3-way circuit power problem

Discussion in 'The Projects Forum' started by Griffin, Jan 12, 2007.

  1. Griffin

    Thread Starter New Member

    Jan 12, 2007
    3
    0
    I have a 3-way circuit that controls a pair of pot type recessed lights at the bottom of a stair well from the top and bottom. The stairwell itself does not have a light in it, so I am attempting to add one.

    The lights at the bottom of the stair well get their power through a 12/2 wire that branches from a junction box. This 12/2 wire has its black wired to the common (white) from the second switch and the white wired to the white to the switch closest to the power. The wire from the sub-panel is a 12/2 and the wire to the junction box is 12/3, but the wire to the second switch is 14/3. I have access to the junction box but not the recessed lights. The house was already wired this way, I did not mix the wires. I don't know if this is contributing to my problem or not, but I thought it might be useful info.

    I installed a mounting box in the stairwell and ran a 14/2 wire from the second switch to the new box. Previously the second switch had a red and black wires hooked to the traveler poles and the white wire hooked to the common.

    At the switch I hooked my new black wire to the common pole and and the white to the existing common. At the new box, I hooked the light up - black to black and white to white.

    Now the lights all are dim like I am getting a drop in amperage or volts (I don't understand series and parallel well enough to know which). I removed the new light fixture and wired the black and white together and capped the box, the old recessed lights are now working fine, but I do not have my stair light. :(

    What is wrong with what I am trying to do? Does this have to do with series and parallel? Most importantly, how do I fix it?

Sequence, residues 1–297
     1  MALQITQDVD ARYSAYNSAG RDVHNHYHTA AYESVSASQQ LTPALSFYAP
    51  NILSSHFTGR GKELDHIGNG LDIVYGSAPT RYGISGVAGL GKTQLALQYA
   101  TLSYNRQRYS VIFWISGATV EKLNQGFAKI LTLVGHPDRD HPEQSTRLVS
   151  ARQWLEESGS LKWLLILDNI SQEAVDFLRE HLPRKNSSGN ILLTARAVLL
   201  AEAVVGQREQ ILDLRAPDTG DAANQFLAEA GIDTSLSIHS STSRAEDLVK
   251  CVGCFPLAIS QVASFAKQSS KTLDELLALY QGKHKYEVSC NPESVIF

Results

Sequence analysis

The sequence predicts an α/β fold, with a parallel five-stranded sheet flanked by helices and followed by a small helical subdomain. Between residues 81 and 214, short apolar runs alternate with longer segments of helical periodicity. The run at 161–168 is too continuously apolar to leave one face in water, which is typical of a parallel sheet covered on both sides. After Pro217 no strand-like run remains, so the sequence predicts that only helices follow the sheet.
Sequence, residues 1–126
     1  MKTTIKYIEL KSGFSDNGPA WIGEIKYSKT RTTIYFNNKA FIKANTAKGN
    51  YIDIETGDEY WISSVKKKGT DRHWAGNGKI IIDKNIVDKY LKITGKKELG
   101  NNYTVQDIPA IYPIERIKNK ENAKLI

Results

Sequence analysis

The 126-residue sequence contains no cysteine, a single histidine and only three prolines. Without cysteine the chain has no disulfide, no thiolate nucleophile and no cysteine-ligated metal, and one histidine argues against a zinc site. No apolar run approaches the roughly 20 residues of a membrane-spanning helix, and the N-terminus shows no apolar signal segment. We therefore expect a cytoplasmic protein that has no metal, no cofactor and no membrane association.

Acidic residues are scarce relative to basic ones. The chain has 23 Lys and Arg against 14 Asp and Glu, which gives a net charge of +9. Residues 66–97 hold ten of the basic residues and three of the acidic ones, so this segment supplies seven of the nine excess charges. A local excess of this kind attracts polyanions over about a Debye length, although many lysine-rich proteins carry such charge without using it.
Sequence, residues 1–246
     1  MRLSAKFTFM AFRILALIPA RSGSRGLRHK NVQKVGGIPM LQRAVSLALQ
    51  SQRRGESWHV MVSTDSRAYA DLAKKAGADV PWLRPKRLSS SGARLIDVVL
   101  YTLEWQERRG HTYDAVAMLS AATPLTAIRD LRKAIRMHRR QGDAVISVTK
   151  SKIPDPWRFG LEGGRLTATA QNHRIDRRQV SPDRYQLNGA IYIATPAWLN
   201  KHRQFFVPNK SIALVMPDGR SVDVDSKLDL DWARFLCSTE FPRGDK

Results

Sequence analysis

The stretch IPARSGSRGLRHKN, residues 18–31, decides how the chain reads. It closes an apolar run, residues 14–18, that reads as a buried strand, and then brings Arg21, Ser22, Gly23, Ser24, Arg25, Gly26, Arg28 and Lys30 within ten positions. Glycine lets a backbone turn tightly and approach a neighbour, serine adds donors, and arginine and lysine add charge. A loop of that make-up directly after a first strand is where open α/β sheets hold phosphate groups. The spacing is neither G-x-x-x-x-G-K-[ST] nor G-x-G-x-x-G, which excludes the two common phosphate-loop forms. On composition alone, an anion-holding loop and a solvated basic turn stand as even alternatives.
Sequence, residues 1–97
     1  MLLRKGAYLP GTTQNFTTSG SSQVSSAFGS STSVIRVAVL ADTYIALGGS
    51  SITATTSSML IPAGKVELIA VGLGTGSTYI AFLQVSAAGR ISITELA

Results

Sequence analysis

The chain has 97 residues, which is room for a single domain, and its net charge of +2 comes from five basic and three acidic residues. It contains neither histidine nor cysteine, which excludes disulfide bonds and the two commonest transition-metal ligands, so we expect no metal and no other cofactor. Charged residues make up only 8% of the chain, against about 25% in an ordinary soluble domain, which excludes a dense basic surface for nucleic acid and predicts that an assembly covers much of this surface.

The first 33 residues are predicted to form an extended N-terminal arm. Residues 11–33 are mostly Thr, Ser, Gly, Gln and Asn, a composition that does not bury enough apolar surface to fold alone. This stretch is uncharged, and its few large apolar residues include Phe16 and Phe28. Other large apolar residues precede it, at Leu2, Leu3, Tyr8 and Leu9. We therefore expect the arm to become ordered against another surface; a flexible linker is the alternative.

2. Griffin

    Thread Starter New Member

    Jan 12, 2007
    3
    0
    I realized that last post was a bit confusing, here is the circuit in order: From the sub-panel 12/2 to the first switch (black wired to common pole on switch), white to out-going white around switch- 12/3 from switch to junction box (red and black travelers). At the junction box: a 14/3 red to red and black to black travelers heading to second switch, also a 12/2 heading to lights (black wired to white common from second switch, and the white wired to white common to first switch and back to sub-panel. At the second switch, 14/3 red and black wired to traveler poles of switch. A new 14/2 wire added with black to switch common and white wired to white common of the incoming 14/3 line. The new line is then wired to the a light black to black, white to white.

    The circuit works normaly when the black and white at the new box are attached directly to each other. The circuit experiences a significant power drop when a resistor (light and/or reseptacle) is added.

    Why is this happening?
     
  3. hgmjr

    Moderator

    Jan 28, 2005
    9,030
    214
    Griffin,

    It is still difficult to picture exactly what your hookup looks like from the two descriptions that you have supplied.

    It would be very helpful if you could sketch up what you have and post the sketch as an attachment.

    hgmjr
     
  4. thingmaker3

    Retired Moderator

    May 16, 2005
    5,072
    6
    Remember - that white lead on the second switch is effectively a switched hot lead. You've opened it up and put a light in series with your other lights. Put the new light in parallel with the old lights and you'll be okay. Run the wires from the junction box instead of the switch box.
     
  5. thingmaker3

    Retired Moderator

    May 16, 2005
    5,072
    6
    Here's what I mean:
    stairway lights 2.jpg
     
  6. wireaddict

    Senior Member

    Nov 1, 2006
    133
    0
    Also, to be safe, since you mixed #14 wires with #12s, make sure the breaker or fuse that feeds your staircase is rated for the smallest wire in the circuit, in this case 15 amps.
     
  7. Griffin

    Thread Starter New Member

    Jan 12, 2007
    3
    0
    Folks,

    I apologize for the confusing description.

    Thingmaker3, I appreciate you pushing through and sorting it out for me. I have a much better understanding of series and parallel - I'm in the process of finishing part of my basement - I think you saved me a lot of future headaches. Much appreciated.

    Wireaddict, good call - the circuit was on a 20 amp breaker - changed it out to a 15.

    Thanks again.
     
Loading...